Monday, May 11, 2009


The man in the wonderful image at the top is Scottish anatomist Dr. Robert Knox (1791-1862). He was a popular lecturer in anatomy in Edinburgh before getting caught up in the body-snatching scandal of the time. He received and paid for bodies to be used for his dissection demonstrations without asking questions. His colleagues did the same, but the freshness of the corpses that Dr. Knox accepted indicated that they were not stolen from the grave, but were murder victims. In fact, they had been killed by the notorious William Burke and William Hare. After 16 murders, Burke and Hare were caught and arrested, but only Burke paid the ultimate price for the crimes. Hare was granted immunity for his testimony, and there was not enough evidence to charge Dr. Knox. Hare lived the rest of his life in obscurity and Dr. Knox never dissected another human cadaver again. "Burking" entered the lexicon and the following rhyme entered popular culture:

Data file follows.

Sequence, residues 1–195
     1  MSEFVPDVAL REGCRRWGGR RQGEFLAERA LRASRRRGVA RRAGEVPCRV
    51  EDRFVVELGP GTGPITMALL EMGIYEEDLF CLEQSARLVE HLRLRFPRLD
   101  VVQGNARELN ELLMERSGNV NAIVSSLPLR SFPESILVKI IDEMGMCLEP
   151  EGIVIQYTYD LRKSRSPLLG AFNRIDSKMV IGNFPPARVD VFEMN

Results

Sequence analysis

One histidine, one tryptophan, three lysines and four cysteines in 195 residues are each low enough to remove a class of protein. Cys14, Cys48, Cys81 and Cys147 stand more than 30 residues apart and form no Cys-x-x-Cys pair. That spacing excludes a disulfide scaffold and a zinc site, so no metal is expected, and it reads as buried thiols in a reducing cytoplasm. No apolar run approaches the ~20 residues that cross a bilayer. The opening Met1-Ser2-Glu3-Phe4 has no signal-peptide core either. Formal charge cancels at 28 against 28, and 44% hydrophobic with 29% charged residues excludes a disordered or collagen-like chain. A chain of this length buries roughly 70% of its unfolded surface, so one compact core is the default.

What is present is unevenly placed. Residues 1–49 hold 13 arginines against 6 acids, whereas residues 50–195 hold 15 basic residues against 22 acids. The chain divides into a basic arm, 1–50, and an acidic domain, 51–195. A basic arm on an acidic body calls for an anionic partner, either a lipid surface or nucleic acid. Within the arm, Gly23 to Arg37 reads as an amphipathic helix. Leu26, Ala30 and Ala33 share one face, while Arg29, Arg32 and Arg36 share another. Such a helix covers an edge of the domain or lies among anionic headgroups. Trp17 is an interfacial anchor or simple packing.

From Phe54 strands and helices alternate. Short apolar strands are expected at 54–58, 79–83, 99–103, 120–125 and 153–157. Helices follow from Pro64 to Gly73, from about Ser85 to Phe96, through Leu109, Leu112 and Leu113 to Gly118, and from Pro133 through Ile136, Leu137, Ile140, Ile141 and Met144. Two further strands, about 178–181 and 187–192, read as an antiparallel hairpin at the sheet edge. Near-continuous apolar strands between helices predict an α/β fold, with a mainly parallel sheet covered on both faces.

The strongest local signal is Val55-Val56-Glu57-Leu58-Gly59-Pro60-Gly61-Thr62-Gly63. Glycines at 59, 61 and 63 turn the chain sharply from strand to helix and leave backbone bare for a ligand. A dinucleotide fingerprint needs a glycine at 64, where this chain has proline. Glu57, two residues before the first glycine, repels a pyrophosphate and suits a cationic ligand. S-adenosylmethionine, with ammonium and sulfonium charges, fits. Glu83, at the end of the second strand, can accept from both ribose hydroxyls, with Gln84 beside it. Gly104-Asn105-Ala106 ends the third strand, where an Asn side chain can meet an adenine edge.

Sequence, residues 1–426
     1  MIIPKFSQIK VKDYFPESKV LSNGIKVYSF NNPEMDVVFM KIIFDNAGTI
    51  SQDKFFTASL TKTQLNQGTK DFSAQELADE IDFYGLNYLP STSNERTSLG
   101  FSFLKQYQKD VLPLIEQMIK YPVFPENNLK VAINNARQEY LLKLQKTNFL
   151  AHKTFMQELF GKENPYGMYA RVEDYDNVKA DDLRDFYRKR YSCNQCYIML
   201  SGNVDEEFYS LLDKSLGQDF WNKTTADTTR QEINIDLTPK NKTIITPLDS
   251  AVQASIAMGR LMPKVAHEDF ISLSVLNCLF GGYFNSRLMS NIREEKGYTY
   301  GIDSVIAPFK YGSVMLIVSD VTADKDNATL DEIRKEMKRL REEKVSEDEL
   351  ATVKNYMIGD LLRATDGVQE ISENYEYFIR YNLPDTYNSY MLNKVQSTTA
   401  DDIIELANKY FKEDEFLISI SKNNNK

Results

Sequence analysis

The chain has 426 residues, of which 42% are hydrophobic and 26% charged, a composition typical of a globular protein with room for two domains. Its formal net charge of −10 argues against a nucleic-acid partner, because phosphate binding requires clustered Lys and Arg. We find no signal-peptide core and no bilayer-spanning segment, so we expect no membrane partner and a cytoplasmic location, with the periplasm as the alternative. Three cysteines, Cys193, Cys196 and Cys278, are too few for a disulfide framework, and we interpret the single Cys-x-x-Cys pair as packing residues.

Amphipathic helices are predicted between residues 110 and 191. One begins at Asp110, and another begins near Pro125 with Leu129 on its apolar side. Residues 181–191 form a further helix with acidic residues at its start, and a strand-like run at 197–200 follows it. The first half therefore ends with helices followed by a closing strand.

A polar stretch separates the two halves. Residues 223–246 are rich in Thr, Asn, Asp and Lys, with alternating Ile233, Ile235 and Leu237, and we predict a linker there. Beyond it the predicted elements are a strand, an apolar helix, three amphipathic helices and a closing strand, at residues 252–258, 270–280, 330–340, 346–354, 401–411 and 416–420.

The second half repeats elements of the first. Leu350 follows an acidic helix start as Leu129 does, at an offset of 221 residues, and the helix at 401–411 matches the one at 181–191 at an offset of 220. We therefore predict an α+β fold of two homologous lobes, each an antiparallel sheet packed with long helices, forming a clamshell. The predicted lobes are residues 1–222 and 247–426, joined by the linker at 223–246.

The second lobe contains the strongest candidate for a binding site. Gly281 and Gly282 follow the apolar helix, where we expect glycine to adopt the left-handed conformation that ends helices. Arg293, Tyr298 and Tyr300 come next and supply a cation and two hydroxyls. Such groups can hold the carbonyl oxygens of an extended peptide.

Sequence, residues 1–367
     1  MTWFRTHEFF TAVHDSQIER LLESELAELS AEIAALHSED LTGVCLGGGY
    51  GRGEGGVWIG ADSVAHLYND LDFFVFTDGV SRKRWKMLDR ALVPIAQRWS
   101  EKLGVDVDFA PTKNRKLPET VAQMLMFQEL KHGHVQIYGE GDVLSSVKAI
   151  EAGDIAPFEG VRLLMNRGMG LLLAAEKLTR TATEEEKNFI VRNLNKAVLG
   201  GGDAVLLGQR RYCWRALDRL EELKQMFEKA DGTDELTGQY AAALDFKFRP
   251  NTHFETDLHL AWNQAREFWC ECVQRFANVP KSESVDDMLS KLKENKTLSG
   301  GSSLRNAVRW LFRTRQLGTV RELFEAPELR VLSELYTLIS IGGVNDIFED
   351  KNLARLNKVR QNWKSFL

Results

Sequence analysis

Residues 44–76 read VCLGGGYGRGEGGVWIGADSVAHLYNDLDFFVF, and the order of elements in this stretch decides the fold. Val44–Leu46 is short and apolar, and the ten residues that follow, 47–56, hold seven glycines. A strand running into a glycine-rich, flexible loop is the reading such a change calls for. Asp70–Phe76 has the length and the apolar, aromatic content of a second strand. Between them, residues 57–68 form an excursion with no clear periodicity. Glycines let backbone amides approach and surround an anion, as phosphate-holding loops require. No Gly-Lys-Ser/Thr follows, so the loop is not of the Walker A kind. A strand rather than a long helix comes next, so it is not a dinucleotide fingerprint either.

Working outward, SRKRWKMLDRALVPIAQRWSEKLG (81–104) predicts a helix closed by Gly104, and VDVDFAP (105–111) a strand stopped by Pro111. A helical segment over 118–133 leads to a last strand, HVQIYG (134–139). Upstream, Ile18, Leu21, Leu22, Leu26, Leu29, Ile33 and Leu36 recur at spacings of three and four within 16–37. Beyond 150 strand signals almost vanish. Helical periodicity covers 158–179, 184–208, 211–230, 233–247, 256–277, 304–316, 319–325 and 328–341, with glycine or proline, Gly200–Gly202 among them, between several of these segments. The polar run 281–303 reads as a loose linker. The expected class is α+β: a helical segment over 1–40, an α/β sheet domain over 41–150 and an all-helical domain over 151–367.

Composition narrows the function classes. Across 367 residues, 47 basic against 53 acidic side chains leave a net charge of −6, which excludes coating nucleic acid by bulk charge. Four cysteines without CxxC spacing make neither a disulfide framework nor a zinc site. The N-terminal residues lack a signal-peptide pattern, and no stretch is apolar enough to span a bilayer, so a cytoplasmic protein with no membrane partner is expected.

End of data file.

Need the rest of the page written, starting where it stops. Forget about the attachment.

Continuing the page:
The second image depicts Alexander Monro tertius (1773-1859) - third generation anatomist at Edinburgh University. He was a rival of Dr. Knox, but was no equal in the lecture hall or anatomy theater. When Charles Darwin (1809-1882) attended lectures in 1825, he commented that the lectures were as dull as the man himself, and was disgusted that Monro arrived still bloodied from the dissecting room.

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